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Big Crowd Or Engaged Crowd?

December 3, 2017

I’ve touched on this before, which is better, a big crowd or an engaged crowd?

 

But I never dedicated an entire post to it.

 

Obviously you, as a musician, and I, as a promoter, want both. And sometimes it happens. And it is a great feeling for both of us. But sometimes it does not happen.

 

I’ve been to and put on shows where there was a huge crowd (I saw huge based on the bands that are playing – local shows with 300+ and national shows with 10,000+) and the benefit there is that someone is going to be engaged. Even if you are an early opener, someone is going to pay attention to you, possibly buy merch, check your social media, etc. Especially YOUR fans, but if they are fans of you they already have all that.

 

For the purpose of this post, let’s keep NEW FANS in mind over established fans.

 

So, for the new fans, people who have never heard your music or maybe heard the name of your band but never really checked you out, what is more important – that there is a lot of them or that they are engaged?

 

Like I said, someone in a big crowd will pay attention to you. Someone will be hardcore dancing, or moshing, to your tunes if the crowd is big. Even if your music isn't great, it’s going to happen. Good right?

 

But, what if out of 100 people there is only five new fans that are engaged? If you haven’t experienced this yet, trust me it will happen as you play more shows. Or even worse… as soon as you get on stage everyone goes outside. You’re playing to bar staff and a couple other respectful band members.

 

But, what if there are 30 people in the crowd and 20-25 of them are engaged? There is a mosh pit or they are all hardcore dancing. They cheer and clap for you every time you end a song. They buy your merch. They ask for an encore.

 

Obviously, the engaged crowd sounds better here.

 

So how do you make that happen? Couple ways to do this –

 

  1. Pick your shows VERY carefully. First, don’t over-saturate your market, which I have covered in many blog posts here. Next, make sure that the shows you are playing are genre specific. I like to mix my shows up but even I keep a limit on this and follow the trends. Indie rock and alternative rock go good together, death metal and deathcore go good together, but if I put an indie rock band on a metal show, it won’t work. Genre specific is important because for you to gain engaged fans, you have to play the music they are into. And maybe they are there for an indie band but they like death metal as well. Still, you have to think about what they want to hear. What they are in the mood for? I know I have days where all I want to listen to is (for example) black metal. If I heard a hardcore band during those days, sure, I may like them, but I want black metal. Same concept at shows.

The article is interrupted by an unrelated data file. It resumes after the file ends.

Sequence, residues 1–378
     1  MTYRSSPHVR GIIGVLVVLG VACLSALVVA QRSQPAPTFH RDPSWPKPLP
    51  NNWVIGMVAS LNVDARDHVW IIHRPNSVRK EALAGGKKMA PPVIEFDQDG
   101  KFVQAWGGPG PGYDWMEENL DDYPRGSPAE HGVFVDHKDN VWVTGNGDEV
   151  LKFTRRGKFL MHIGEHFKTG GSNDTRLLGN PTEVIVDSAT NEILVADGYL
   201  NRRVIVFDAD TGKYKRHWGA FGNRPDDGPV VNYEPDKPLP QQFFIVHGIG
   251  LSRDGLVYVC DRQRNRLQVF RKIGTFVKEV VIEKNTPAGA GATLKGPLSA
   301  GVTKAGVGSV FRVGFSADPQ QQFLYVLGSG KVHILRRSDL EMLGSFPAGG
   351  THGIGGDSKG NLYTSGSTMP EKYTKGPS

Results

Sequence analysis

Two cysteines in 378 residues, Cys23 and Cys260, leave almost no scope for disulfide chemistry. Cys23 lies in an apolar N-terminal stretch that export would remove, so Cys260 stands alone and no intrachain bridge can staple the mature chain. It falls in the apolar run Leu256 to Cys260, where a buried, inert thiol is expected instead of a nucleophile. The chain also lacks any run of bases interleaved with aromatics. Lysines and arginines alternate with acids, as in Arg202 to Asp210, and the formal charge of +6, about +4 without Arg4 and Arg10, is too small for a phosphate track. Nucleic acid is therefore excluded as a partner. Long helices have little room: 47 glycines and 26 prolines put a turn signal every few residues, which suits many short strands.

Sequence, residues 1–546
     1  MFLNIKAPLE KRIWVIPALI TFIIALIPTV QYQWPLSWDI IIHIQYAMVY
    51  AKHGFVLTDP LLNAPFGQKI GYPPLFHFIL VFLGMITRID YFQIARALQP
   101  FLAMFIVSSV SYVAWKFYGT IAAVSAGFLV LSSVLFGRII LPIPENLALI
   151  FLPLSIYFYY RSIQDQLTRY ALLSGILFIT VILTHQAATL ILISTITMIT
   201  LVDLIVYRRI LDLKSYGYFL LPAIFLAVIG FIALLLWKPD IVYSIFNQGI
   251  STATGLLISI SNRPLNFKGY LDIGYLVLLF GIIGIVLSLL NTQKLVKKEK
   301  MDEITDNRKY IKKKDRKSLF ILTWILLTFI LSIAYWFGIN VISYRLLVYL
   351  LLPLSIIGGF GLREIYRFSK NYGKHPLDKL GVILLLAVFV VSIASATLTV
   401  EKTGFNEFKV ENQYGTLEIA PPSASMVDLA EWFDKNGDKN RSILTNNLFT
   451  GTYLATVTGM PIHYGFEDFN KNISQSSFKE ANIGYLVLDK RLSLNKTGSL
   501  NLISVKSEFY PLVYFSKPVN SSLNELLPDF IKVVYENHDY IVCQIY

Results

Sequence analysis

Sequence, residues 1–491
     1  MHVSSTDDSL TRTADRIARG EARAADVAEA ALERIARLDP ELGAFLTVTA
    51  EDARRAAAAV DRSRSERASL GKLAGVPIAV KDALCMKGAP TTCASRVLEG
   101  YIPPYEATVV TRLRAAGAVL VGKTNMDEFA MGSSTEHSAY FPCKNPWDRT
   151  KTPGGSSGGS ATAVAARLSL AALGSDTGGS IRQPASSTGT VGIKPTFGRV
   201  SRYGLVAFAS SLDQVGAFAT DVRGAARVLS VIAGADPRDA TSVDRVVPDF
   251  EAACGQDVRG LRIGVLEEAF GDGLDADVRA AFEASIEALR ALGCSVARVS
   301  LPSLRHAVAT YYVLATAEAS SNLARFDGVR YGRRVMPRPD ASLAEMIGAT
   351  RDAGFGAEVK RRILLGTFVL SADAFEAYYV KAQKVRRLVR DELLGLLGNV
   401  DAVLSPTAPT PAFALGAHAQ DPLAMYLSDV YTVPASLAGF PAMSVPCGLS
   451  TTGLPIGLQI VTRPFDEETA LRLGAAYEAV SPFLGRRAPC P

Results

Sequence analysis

2. Don’t pass up the show with a band who’s fans are SUPER engaged, for the show with the national who is a fad. This requires research. Let’s look at rap. Hopsin is a rapper whose fanbase is exceptionally loyal to him. Similar to ICP, his fans will stop listening to an artist that he gets in a beef with. They will hate on their social media pages kind of loyal. He is an international artist NOW but five years ago, he wasn’t. Regardless his fanbase was still VERY loyal to him. So, if you’re a rapper and you can open for Hopsin, who five years ago maybe was drawing a couple hundred to his stronger markets, or you can open for *insert nobody rapper here but had there 15 seconds of fame five years ago*, who you going to go with? This is about attaining a fanbase, not partying big and bragging rights.

 

You can find that research out by looking at their social media, for example. If the band page has 1,000 likes but each post gets 200-500 social media engagements (likes, comments, shares) that means their fanbase is SUPER loyal. Go back a couple months/a year too. This will tell you if that person has maintained a loyal fanbase or if they have just gone viral.

 

Pictures can say a 1,000 words too. Do they have photos on their social media of their fans? If you search their band name hashtag on Instagram, is it mostly photos of them, or their fans? Are the photos showing the fans wearing the merchandise? Merchandise is important because unless they are a brand new band that is fabulously rich and just giving away merchandise at shows, that means that people paid for them. You don't pay for something you're not engaged with. All of this that can tell you about their fanbase.

  1. Understand you want both a big crowd and an engaged crowd but don’t favor one or the other ALL THE TIME. In the example of opening for Hopsin, that would be great but you don’t always want that. Sometimes you want the big crowd. The big crowd is the risk. It is you saying to yourself, “hey, I make great music and I want as many people to hear it as possible”. The engaged crowd is “hey, I make great music, and I want fans who will worship me when I get on stage”.

  2. Do not assume that your local shows will have the engaged crowd, and national shows will have the big crowd. I had a show last night with a national act. Crowd wasn’t big but they were VERY engaged. And I’ve done local shows where once the local band got off stage, their fans left the show. Do yourself a favor and research the acts you play with. If they are local you can catch them at a show and pay attention to their fans. Do they stick around? Do they leave? You have to keep this stuff in mind.

 

Again, we all want both, a BIG, ENGAGED CROWD. But reality is reality. And you can gain as much from a small, but engaged crowd, as you can from a big crowd. 

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